It carried a spoof by the "Afterlife News Service" that said "the late Jerry Falwell said today from the afterlife that 'pagans, abortionists, gays, feminists, lesbians, the ACLU, People for the American Way, Al Gore, Daily Kos and other immoral, liberal groups and individuals bear full responsibility for the heart attack that claimed my earthly life.'"

The parody was referring to a comment Falwell made after 9/11 in which he suggested that groups "who have tried to secularize America" had "helped the attacks happen." Under fire, Falwell later said he was quoted out of context and that the terrorists alone were responsible for the attacks.

In reference to another controversy, TMZ.com, a website that covers the entertainment industry, posted a picture of a character from the Public Broadcasting Service children's television show, the Teletubbies, waving goodbye under the words "Jerry Falwell 1933-2007."

In 1999, Falwell was criticized for suggesting that the character, colored purple and named Tinky Winky, could be a covert homosexual symbol. Reports at the time had indicated that in parts of the homosexual community in Britain, Tinky Winky was considered something of a "gay icon."

'In hell with Hitler, Reagan'

Still, some online comments bypassed any attempts at "humor" and resorted to anger.

"Falwell went to hell," said a posting on the Democratic Underground blog. "That's where he belongs. He's with Hitler, Pol Pot, Reagan, Strom Thurmond and Saddam now."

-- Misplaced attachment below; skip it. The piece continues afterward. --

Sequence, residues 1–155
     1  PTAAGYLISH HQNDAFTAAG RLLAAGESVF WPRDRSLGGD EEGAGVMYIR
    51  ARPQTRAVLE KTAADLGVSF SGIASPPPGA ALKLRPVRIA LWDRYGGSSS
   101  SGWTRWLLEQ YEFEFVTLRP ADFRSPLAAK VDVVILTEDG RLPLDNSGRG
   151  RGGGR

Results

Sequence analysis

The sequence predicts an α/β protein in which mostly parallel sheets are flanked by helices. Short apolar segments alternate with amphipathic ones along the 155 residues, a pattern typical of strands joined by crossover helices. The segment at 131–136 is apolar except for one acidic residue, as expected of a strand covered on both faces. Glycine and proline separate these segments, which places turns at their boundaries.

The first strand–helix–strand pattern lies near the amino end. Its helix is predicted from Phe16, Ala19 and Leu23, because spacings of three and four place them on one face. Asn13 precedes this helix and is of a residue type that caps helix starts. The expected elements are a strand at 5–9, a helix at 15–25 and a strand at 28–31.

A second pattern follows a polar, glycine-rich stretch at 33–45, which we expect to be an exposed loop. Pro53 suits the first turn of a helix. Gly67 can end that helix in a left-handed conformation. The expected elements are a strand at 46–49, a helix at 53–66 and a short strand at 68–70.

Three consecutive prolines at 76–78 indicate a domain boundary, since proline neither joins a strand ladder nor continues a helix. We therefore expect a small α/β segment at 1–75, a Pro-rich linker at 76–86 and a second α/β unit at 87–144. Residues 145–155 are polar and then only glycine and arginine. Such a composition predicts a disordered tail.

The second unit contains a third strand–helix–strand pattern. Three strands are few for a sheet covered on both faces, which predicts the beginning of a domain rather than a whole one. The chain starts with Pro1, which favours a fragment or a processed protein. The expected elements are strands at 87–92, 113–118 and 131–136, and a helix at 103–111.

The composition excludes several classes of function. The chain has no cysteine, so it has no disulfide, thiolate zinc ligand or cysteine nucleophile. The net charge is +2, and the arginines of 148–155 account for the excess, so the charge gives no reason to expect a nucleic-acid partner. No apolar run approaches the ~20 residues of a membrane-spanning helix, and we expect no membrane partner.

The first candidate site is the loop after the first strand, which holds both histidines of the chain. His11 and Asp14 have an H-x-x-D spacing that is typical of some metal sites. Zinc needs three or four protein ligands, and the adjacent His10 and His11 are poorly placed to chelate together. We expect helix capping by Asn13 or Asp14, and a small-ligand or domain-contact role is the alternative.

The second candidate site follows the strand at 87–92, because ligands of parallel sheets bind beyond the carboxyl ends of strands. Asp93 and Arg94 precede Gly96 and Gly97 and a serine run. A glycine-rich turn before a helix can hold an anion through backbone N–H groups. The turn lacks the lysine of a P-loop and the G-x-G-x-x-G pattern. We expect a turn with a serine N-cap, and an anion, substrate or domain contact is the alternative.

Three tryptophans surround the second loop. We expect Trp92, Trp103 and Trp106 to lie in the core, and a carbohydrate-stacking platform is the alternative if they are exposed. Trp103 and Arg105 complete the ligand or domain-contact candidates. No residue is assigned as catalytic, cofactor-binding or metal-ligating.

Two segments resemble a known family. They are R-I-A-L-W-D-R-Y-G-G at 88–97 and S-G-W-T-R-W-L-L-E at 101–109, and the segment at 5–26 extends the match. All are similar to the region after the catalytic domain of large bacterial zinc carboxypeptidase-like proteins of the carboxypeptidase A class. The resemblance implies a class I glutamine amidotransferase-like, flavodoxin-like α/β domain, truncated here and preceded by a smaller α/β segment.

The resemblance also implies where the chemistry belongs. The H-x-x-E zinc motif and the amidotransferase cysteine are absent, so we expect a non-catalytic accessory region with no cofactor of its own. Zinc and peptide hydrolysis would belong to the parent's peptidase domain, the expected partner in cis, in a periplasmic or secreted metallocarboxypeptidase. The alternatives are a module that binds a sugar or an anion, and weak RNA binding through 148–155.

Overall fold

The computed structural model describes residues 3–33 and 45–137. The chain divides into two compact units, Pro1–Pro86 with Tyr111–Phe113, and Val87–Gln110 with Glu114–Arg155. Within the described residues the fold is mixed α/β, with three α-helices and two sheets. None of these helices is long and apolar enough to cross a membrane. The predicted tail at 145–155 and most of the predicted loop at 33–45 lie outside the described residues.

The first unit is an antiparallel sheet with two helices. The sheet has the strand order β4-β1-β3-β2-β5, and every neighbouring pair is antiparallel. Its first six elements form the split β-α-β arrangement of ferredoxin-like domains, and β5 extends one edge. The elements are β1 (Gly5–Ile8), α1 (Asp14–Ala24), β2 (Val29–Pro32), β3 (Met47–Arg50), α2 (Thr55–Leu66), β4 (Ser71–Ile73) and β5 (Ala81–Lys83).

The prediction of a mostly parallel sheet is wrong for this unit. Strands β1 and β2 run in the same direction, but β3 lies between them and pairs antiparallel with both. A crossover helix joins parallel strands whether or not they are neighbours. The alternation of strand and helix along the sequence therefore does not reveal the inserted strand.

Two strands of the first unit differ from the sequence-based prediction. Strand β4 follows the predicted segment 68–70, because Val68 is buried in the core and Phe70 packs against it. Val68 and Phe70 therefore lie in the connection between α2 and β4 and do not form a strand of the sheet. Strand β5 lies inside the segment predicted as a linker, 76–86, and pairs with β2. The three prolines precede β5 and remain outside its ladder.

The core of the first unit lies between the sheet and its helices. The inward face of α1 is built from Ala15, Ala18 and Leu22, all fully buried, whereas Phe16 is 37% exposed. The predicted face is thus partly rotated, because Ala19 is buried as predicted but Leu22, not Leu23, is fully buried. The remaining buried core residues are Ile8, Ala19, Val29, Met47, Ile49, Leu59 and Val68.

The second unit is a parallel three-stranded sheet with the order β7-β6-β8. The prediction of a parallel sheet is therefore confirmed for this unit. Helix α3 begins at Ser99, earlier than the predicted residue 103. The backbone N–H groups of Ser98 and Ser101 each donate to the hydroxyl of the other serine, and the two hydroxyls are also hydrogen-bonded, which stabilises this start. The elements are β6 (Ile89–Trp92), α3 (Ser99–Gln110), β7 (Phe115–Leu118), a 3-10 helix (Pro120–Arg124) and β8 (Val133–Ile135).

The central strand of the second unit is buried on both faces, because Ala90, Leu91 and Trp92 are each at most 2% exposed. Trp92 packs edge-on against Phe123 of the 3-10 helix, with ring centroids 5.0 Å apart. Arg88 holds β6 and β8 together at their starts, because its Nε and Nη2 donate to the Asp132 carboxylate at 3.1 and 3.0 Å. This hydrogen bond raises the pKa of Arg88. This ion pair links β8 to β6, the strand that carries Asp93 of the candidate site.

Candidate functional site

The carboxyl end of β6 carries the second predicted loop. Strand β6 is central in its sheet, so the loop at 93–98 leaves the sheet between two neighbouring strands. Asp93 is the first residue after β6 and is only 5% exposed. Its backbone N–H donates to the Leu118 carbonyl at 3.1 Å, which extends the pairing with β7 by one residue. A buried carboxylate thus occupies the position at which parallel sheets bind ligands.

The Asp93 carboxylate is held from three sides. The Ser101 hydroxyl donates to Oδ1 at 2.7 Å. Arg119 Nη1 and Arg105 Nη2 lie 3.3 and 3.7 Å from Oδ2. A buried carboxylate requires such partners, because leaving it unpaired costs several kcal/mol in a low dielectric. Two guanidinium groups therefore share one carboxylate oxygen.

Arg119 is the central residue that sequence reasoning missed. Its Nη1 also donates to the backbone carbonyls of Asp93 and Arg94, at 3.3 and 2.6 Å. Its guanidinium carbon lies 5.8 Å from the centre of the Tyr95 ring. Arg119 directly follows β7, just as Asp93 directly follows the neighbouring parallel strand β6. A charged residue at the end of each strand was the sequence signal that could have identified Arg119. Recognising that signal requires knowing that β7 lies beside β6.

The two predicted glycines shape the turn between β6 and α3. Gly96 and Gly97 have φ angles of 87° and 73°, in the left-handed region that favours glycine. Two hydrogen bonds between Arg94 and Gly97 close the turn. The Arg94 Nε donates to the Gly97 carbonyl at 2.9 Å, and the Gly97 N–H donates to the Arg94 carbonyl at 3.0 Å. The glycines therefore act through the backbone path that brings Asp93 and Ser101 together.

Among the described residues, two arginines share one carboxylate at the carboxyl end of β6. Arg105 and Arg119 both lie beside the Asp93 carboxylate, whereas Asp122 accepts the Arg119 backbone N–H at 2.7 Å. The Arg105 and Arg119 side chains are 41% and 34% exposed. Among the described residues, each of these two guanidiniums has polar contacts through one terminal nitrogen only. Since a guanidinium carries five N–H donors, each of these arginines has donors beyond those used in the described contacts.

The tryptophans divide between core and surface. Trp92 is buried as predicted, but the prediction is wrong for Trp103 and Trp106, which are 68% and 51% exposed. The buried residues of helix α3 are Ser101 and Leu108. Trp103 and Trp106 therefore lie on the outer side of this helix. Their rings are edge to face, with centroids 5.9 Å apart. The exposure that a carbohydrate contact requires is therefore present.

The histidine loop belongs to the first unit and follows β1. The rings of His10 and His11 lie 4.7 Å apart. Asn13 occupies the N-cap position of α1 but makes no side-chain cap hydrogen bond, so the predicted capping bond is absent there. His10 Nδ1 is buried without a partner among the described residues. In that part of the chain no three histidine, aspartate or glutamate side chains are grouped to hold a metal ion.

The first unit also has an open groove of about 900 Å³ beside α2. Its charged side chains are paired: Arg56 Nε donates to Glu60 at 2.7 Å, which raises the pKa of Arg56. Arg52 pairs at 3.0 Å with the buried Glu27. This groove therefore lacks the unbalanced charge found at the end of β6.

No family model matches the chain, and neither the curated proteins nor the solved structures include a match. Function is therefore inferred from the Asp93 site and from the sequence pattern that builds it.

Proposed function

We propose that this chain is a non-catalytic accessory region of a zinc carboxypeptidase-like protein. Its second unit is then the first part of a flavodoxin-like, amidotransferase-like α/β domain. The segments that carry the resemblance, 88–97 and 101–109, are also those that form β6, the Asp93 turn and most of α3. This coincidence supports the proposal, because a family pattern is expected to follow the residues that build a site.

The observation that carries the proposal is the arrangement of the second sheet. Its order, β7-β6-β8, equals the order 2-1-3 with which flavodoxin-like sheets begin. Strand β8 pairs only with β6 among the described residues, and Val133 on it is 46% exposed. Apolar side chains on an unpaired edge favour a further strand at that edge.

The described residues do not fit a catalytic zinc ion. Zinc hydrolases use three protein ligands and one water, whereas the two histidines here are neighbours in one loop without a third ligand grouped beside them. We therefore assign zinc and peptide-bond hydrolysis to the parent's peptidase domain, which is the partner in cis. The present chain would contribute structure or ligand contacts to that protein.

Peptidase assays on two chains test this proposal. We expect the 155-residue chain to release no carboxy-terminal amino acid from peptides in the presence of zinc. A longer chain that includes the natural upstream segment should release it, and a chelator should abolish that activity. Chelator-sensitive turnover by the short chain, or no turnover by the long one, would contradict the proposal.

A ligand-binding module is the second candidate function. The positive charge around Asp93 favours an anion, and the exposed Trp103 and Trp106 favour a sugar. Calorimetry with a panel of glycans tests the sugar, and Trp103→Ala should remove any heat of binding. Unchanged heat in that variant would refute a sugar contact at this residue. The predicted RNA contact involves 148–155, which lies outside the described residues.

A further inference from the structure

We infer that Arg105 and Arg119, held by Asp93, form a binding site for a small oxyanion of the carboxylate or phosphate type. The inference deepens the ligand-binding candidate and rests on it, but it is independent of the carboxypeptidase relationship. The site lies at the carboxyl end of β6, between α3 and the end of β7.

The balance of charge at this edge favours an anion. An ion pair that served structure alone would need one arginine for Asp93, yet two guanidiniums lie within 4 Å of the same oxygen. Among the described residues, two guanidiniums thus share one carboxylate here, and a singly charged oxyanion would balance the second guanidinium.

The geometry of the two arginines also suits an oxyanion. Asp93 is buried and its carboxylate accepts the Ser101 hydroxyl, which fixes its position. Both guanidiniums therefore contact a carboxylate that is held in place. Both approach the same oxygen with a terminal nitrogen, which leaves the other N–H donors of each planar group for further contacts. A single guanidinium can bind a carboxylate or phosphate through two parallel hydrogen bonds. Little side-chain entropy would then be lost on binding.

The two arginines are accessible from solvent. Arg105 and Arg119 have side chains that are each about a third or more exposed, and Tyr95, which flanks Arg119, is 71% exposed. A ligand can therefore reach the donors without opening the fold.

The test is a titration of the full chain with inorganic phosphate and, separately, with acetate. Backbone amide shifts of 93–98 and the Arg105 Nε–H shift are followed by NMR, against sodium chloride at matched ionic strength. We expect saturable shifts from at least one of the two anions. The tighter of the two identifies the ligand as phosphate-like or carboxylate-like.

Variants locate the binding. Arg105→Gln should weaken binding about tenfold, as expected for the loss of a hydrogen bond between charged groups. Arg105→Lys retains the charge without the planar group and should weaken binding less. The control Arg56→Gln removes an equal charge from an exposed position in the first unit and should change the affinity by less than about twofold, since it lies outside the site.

A reader of that blog subsequently responded, "Sorry, but even hell has standards for entry."

Others expressed anger that some liberals had voiced condolences for Falwell.

"I do not think Falwell had a heart of gold and certainly no tears were shed in my house today," Kevin Naff, managing editor of the Washington Blade, wrote on the publication's blog.

The Rev. Jesse Jackson Tuesday described Falwell as having had a "heart of gold."

"The truth is that Falwell was a calculating charlatan who cruelly demonized and scapegoated gays and lesbians throughout his twisted career," Naff wrote. "As a child of the 80s, I grew up listening to Falwell's gospel of hate.""

But hate is exactly what Falwell's detractors are displaying, said Matt Barber, policy director for the conservative Concerned Women of America.

"They accuse Rev. Falwell of hate while they are pulling away their masks to show they indeed are haters," Barber told Cybercast News Service. "This is about killing the messenger. They don't hate Jerry Falwell as a person. They hate God. Jerry Falwell is a convenient target because he represented the word of God."

Barber conceded there was no guarantee that there would not be similar behavior from the right if an equally controversial liberal figure died, but he said if there were such a reaction, it would be less widespread. "There could be fringe elements of the right that would engage in hostile rhetoric after the unfortunate death of a liberal," Barber said.

"What we are seeing now is systematically a pattern of secular humanism," he added. "There are people on the left that are showing compassion and sincere condolences, but they are out of the left's mainstream."